More than any other place, wildlife have impact on human health, quality of life and aesthetics in urban areas. Thinking about city planning at the terrestrial wildlife scale could support mutual objectives of city planning.
The 40-year-old system, second busiest in the nation after New York's, has seen ridership decline since 2010 as the region grows. A major cause is "frequency delays." The Washington Post reporters state that the subway has entered a death spiral.
Beginning with the first U.S. planned urban development, St. Augustine, Fla., and ending with one of Portland's newest neighborhoods, the Pearl District, host Geoffrey Baer takes us through ten developments that left their mark, for better or worse.
Regular bus riders know how integral an accurate real-time bus arrival system can be to the experience of bus transit. D.C. Metro just made a switch in technology, and Greater Greater Washington evaluated the results (so far).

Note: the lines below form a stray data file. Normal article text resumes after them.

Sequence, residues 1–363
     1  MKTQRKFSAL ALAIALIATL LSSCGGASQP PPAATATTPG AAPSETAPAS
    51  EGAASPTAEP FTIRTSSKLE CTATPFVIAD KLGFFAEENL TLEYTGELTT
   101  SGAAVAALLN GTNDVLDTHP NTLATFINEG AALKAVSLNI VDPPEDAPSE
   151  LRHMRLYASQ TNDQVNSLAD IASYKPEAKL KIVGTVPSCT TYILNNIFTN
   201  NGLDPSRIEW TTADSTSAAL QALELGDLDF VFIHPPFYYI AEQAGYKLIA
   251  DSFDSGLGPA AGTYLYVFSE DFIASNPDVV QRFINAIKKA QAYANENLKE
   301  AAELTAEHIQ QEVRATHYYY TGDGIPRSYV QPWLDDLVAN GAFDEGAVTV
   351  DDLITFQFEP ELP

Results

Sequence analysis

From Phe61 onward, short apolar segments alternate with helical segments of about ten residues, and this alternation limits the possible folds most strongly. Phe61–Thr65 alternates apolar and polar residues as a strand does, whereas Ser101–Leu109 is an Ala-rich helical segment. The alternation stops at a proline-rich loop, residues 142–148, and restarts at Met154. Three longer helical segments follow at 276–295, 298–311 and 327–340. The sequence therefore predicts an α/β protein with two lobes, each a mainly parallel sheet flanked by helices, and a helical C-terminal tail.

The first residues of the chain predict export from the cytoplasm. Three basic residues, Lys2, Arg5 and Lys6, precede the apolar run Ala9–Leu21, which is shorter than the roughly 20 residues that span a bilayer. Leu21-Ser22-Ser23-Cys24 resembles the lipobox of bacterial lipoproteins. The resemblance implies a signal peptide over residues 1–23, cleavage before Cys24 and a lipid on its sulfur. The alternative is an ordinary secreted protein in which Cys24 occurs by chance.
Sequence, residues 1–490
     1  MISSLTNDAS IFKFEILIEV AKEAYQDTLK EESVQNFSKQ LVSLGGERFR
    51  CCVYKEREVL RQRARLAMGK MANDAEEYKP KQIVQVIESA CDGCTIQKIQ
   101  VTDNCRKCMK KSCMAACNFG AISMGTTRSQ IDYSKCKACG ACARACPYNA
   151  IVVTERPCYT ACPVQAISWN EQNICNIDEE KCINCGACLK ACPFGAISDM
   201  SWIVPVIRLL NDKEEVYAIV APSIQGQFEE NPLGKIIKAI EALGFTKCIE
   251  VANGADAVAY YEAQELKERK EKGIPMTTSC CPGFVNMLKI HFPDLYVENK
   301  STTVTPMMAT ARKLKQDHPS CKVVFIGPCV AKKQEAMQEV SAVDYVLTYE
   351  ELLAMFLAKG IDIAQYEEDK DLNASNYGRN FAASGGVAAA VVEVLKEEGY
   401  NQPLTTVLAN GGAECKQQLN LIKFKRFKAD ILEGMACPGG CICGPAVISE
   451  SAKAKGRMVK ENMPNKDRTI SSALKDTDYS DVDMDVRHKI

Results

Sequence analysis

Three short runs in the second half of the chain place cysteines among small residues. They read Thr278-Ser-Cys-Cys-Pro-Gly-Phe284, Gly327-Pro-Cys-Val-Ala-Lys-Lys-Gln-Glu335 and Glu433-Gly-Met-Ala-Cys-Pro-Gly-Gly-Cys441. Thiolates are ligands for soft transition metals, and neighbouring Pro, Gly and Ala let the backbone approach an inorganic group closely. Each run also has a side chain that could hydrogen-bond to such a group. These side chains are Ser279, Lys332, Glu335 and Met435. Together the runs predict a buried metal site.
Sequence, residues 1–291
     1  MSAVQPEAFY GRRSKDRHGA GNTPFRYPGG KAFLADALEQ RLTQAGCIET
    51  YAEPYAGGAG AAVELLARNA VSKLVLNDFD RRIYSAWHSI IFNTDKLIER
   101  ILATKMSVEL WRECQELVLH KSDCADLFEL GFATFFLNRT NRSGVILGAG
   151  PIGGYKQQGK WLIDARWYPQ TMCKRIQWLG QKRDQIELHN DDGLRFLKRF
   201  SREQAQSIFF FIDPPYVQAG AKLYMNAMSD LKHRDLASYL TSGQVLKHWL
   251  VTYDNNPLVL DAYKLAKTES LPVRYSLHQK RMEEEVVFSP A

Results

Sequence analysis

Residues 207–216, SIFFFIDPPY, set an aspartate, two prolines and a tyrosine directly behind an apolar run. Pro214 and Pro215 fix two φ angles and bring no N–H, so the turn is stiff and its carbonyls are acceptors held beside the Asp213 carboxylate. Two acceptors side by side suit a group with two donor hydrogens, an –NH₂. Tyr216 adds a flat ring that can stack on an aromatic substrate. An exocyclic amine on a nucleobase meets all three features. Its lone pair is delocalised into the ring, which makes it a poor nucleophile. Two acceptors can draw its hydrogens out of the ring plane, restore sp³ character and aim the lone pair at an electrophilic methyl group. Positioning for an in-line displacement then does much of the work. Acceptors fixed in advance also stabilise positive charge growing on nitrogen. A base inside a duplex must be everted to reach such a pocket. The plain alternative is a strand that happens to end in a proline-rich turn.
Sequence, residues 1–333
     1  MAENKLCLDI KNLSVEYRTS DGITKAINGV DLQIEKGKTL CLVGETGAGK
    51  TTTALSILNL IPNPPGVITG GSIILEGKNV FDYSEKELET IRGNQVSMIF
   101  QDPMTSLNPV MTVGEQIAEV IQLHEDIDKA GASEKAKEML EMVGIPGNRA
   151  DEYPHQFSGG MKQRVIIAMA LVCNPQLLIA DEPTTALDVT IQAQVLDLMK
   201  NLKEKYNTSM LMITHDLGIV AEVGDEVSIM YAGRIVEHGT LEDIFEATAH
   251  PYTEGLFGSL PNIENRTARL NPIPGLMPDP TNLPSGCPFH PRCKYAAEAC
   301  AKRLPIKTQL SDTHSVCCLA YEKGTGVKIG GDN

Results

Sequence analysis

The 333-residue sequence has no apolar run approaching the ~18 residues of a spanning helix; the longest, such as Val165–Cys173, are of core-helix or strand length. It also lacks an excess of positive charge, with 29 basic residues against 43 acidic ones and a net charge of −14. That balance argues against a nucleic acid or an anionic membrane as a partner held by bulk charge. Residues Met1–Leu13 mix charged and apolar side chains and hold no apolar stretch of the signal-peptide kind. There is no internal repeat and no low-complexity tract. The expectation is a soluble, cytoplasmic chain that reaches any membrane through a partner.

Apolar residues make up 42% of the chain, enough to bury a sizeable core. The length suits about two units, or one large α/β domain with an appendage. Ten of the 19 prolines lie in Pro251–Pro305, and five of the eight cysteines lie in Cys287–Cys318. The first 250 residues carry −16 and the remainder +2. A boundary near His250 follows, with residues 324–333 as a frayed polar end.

The other day, a new Shinkansen bullet line was added in Japan, the first to operate high-speed rail in 1964. The U.S. has yet to build is first line. More troubling is the decay we've seen in the relatively new metro lines, like D.C. Metro and BART.
Economist Jed Kolko's recent study on how the lack in affordability of cities determines who's moving there, whose moving out, and how these changes are shaping cities and suburbs. His paper is the basis for several articles by leading urban writers.
It's the details of transit apps that matter to users, so the Washington Metropolitan Area Transit Authority (Metro) just made a change of technology provider that will help make it easier to accurately predict bus arrival times.
Partial service was restored Monday between two East Bay stations on a BART line after being discontinued last Wednesday due to a mysterious power surge that rendered nine percent of BART's operating fleet out of service.